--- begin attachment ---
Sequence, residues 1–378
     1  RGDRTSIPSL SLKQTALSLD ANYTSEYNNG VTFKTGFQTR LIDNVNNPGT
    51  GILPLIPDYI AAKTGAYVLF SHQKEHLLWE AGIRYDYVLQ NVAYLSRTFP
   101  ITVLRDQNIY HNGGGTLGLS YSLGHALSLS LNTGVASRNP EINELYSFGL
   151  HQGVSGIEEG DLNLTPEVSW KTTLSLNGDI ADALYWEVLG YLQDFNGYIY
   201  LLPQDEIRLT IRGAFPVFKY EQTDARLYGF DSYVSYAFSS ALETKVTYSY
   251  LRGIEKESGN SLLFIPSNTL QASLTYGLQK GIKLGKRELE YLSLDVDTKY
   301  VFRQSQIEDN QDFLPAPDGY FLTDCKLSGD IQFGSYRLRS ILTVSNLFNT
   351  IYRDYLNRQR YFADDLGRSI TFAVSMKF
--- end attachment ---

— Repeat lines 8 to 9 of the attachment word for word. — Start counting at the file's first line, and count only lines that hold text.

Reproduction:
   301  VFRQSQIEDN QDFLPAPDGY FLTDCKLSGD IQFGSYRLRS ILTVSNLFNT
   351  IYRDYLNRQR YFADDLGRSI TFAVSMKF